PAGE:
Vivian Maier

The photographs are great; the story is even better.

It is the stuff dreams are made of. On a whim, John Maloof spent $400 on a trunk full of negatives at a local auction house. It turned out to be the priceless archive of an amateur street photographer named Vivian Maier.

Maloof wasn't a photography buff; he was researching a book about Chicago history. But he soon became one, establishing an attic darkroom to develop some of the 100,000 negatives he had managed to acquire.

Negatives from the razing of the Federal Building, 1965, by Vivian Maier. Photo via ChicagoGeek/Flickr.

The results were stunning. Maier was a brilliant photographer of urban scenes and a talented portraitist, and her archive is an unparalleled record of mid-century Chicago. So why were her negatives stashed rudely in a trunk at the auction house instead of developed and shared with the world?

That's what Maloof sets out to learn in Finding Vivian Maier, a documentary whose trailer was released in February:

Top photo: self-portrait by Vivian Maier, via Flickr user Cea.

About the Author

Most Popular

  1. Groups of people look at their phones while sitting in Washington Square Park in Manhattan.
    Life

    How Socially Integrated Is Your City? Ask Twitter.

    Using geotagged tweets, researchers found four types of social connectedness in big U.S. cities, exemplified by New York, San Francisco, Detroit, and Miami.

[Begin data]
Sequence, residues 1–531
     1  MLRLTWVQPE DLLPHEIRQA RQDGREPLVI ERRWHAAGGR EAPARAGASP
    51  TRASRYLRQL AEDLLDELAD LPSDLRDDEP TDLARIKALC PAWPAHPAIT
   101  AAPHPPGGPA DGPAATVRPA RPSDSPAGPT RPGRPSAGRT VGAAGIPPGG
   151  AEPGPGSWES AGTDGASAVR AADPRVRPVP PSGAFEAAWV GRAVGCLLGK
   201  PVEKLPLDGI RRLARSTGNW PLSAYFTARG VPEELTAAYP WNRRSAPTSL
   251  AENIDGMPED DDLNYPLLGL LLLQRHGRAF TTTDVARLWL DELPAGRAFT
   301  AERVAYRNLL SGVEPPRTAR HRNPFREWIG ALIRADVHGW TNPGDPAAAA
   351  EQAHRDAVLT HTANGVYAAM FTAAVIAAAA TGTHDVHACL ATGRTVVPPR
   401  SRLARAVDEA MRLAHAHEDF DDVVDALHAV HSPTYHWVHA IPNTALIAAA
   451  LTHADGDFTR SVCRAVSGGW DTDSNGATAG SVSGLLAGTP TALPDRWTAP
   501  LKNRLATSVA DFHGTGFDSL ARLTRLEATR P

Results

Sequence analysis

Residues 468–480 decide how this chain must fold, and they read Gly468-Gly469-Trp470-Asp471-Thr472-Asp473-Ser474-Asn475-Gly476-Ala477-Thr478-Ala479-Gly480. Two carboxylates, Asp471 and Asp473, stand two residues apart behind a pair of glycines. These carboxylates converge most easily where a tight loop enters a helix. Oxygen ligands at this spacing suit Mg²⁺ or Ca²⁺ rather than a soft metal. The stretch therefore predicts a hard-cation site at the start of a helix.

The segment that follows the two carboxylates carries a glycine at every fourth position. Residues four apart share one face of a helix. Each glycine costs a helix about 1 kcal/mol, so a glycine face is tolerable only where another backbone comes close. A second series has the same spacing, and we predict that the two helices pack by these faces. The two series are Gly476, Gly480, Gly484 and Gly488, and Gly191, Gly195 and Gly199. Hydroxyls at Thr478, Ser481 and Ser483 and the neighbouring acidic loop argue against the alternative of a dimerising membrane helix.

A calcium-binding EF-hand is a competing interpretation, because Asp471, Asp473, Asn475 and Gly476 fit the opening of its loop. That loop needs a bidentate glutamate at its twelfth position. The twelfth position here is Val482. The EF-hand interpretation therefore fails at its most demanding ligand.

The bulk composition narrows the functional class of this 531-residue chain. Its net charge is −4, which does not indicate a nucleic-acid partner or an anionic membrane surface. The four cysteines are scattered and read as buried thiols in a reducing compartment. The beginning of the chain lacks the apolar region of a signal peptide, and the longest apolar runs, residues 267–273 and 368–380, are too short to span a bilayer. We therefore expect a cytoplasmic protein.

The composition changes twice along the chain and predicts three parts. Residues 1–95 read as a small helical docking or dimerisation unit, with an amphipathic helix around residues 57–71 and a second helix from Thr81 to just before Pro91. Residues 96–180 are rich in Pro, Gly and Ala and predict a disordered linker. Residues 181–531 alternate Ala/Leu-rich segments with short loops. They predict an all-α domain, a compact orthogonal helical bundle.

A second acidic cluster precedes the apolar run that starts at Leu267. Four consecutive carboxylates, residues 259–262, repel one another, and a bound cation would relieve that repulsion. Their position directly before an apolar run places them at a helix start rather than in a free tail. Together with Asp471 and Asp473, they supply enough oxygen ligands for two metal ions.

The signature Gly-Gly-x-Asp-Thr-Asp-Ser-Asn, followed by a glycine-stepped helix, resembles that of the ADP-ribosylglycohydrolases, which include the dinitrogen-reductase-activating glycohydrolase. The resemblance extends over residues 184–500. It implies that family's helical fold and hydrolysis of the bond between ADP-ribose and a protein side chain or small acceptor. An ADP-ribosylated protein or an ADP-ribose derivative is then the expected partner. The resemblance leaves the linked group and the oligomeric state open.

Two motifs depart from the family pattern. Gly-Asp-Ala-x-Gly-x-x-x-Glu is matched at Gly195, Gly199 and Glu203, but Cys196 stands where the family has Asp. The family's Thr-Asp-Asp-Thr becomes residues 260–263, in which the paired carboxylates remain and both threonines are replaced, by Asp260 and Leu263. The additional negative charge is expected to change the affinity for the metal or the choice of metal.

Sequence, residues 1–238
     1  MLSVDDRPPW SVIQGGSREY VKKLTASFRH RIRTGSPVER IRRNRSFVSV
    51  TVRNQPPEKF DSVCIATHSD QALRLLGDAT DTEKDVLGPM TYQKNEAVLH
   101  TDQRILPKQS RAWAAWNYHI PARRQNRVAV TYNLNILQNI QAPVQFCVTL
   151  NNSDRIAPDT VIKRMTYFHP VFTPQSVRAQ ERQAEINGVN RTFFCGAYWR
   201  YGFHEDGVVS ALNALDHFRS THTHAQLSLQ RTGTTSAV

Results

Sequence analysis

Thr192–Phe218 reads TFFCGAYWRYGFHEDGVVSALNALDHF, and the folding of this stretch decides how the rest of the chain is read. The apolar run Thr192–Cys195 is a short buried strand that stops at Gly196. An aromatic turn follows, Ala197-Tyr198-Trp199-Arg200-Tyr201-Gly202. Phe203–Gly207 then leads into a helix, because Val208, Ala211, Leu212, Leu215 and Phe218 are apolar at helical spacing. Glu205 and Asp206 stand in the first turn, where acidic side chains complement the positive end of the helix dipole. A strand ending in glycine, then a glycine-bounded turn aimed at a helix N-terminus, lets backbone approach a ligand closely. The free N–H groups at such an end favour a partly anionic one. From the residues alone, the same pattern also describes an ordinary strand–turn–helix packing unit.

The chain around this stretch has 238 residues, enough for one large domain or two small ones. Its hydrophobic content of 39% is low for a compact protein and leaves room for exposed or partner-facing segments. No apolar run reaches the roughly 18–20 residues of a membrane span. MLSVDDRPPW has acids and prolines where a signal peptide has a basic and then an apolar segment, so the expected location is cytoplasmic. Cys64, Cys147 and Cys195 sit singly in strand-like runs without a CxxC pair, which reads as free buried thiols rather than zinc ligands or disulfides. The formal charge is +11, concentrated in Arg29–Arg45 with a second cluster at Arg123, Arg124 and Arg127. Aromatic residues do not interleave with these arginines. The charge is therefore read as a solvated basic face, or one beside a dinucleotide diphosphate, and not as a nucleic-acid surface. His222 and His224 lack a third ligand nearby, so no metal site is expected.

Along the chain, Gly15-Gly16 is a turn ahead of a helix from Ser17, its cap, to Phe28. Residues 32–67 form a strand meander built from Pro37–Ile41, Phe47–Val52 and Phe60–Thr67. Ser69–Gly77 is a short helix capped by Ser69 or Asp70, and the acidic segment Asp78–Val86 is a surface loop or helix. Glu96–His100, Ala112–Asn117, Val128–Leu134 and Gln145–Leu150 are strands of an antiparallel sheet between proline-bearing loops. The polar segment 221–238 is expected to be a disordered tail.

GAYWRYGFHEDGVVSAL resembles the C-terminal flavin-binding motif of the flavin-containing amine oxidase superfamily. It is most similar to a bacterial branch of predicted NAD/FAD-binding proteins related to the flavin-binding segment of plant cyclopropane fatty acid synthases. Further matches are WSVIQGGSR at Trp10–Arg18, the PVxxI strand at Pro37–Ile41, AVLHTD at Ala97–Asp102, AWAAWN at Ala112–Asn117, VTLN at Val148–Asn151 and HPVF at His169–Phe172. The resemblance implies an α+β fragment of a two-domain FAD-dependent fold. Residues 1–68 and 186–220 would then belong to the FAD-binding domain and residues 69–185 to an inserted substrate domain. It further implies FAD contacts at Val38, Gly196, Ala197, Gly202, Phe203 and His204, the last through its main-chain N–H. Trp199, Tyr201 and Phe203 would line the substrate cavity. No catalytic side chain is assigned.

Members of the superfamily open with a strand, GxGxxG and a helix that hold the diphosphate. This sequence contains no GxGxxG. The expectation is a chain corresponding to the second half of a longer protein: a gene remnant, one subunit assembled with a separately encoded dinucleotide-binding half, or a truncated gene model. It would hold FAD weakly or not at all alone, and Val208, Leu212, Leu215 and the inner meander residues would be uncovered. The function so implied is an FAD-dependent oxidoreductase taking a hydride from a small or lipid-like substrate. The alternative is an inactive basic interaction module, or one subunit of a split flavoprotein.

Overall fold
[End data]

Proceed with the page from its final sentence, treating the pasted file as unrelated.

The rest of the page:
2. Life

    Dublin Is Changing, and Locals Hate It

    The recent loss of popular murals and local pubs is fueling a deeper angst over mass tourism, redevelopment and urban transformation in the Irish capital.

  3. a map comparing the sizes of several cities
    Maps

    The Commuting Principle That Shaped Urban History

    From ancient Rome to modern Atlanta, the shape of cities has been defined by the technologies that allow commuters to get to work in about 30 minutes.

  4. a photo of a woman on a SkyTrain car its way to the airport in Vancouver, British Columbia.
    Transportation

    In the City That Ride-Hailing Forgot, Change Is Coming

    Fears of congestion and a powerful taxi lobby have long kept ride-hailing apps out of transit-friendly Vancouver, British Columbia. That’s about to change.  

  5. Life

    American Migration Patterns Should Terrify the GOP

    Millennial movers have hastened the growth of left-leaning metros in southern red states such as Texas, Arizona, and Georgia. It could be the biggest political story of the 2020s.

×